• Commissioners continued to hear from frustrated residents of the Mutter Gottes neighborhood. No less than four showed up Tuesday night to voice concerns over another festival season where parking will be a major issue for them. Last week, City Commissioner Bill Wells presented a temporary residential parking plan for the neighborhood to city staff, asking for signage and hours to limit parking availability for all but neighborhood residents from May 1 to Oct. 31. But the city manager reminded commissioners that by ordinance, parking plans must go through the newly-formed Parking Authority. However, due to other projects, Johnston said the Authority would not be able to consider such a proposal until at least three or four months from now. Mayor Joe Meyer noted that this was an important issue, but he also said the city needs parking structures built first, before an overall residential parking plan. The plan went nowhere from there, and residents showed up Tuesday night to voice their concerns. One was Meaghan Colville, who lives on Kentucky Avenue, who said she feels like the city has forgotten about the neighborhood. “We do need relief,” she said. Commissioners responded at the end of their meeting. “It’s critical that we value our neighborhoods,” Huizenga said. “I appreciate all the residents’ comments. I encourage the executive director of our Parking Authority to accelerate that (process) as much as possible.” Mayor Meyer said he would provide residents with answers in the future.
  • Commissioners agreed to a contract with iWorQ, which will provide a new software program that will make it easier for residents to report things like potholes and other infrastructure problems. The contract is for $37,000 total, with $17,000 for a one-time set-up fee, and $20,000 for annual subscription services, paid out of the general fund.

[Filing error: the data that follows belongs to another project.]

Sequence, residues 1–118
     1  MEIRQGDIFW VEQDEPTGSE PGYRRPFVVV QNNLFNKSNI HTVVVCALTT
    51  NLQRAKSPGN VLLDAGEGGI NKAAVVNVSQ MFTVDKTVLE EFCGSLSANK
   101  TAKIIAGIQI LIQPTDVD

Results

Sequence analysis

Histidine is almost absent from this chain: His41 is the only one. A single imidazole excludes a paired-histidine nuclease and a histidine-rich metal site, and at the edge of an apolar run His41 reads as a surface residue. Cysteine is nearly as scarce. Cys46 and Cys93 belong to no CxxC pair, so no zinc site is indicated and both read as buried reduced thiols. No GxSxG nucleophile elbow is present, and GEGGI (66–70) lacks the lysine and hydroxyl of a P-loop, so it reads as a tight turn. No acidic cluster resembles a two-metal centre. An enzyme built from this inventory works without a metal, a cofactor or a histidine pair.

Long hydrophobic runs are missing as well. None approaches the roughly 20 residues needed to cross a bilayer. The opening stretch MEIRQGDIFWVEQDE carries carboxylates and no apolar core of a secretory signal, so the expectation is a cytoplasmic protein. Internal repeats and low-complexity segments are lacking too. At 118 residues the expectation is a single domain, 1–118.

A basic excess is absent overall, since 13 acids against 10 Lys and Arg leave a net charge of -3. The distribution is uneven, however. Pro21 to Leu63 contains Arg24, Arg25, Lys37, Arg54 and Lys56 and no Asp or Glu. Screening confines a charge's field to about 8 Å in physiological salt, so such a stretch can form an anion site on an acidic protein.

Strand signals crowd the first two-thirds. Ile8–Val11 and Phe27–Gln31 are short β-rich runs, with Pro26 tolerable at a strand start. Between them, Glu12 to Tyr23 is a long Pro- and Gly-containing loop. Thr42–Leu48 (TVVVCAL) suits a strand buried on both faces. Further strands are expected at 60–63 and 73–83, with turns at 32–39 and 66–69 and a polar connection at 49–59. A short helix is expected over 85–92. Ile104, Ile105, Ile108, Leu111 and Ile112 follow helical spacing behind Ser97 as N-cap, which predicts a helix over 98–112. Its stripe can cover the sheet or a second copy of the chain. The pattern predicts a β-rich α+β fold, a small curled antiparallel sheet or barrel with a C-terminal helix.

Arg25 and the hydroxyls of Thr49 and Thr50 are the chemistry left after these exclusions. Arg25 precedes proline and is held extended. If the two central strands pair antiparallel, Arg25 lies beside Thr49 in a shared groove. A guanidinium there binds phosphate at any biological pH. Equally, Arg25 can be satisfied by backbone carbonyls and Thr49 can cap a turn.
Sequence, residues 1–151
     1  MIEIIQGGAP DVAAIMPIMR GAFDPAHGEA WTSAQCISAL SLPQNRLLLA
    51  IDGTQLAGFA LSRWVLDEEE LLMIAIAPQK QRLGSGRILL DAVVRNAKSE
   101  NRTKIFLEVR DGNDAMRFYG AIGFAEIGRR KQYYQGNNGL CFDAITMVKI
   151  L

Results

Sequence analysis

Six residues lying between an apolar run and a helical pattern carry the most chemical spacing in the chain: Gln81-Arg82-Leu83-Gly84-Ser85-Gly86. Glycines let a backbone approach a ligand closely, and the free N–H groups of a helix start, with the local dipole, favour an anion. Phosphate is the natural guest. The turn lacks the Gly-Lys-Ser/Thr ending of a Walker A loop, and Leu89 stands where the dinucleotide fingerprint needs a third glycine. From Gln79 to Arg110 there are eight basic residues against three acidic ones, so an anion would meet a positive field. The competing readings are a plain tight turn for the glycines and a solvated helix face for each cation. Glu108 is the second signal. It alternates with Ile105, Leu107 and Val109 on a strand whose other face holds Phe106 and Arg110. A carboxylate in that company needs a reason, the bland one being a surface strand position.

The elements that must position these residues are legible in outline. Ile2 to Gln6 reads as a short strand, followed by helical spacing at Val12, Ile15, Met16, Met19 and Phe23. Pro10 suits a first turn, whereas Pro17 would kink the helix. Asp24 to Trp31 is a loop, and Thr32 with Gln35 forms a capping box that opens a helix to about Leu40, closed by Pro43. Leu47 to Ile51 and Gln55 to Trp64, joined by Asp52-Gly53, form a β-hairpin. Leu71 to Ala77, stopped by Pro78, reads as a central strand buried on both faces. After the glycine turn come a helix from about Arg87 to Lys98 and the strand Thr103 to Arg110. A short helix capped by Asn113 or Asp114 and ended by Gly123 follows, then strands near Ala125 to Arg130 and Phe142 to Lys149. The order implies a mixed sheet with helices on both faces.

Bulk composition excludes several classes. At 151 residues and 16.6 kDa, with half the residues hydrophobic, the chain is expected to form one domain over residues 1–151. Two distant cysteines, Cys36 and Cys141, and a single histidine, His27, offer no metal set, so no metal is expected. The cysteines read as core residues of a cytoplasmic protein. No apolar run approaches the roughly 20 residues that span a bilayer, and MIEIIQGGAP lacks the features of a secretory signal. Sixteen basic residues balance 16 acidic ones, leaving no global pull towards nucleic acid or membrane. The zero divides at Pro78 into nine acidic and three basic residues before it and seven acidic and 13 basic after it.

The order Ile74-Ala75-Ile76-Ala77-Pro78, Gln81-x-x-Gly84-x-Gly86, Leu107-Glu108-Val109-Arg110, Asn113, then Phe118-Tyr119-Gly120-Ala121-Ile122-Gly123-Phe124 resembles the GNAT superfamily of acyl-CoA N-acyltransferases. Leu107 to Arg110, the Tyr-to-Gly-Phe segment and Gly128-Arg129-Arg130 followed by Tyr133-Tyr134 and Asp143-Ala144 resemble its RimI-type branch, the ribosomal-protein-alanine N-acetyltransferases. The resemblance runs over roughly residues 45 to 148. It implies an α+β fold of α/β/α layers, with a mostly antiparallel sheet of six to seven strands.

• Commissioners entered into an agreement with the MainStrasse Village Association to update the existing utility lines located in the three islands of the Steinford Park promenade. By utilizing a private donation, “the MSVA will pay for the costs of the installation of the system, donate the system to the city, pay for the utilities related to its use of the system, and agree to maintain the system for so long as it is the primary user,” city documents read.
  • Commissioners agreed to accept a bid for $21,502 by Jason Spaulding for the city-owned property at 249 Pershing Ave. The city purchased the property as part of a 10-structure bundle in 2009 for $75,000.
  • Commissioners approved the appointment of Chuck Eilerman to the Board of Assessment Appeals for a four-year term.
  • Commissioners agreed to hire Starr Ford as assistant city solicitor. Ford, who was acting as the interim assistant, was chosen from 45 applicants.
  • Commissioners approved a proclamation that May is Historic Preservation Month in Covington.
  • Commissioners approved the second reading of an ordinance to create a position of records custodian, which would maintain all police department records and manage records clerks.

The next Covington Commission meeting will be a caucus meeting held at 6 p.m., May 15, at the Covington City Hall at 20 West Pike St.

Contact the Northern Kentucky Tribune at news@nkytrib.com

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One Comment

  1. WC Weber says:

    The Mutter Gottes neighborhood has been used for free parking overflow, for years now. The city of Covington always has and continues to kick the can down the road. Nothing will change until the mayor and commissioners find a way to profit by serving Mutter Gottes.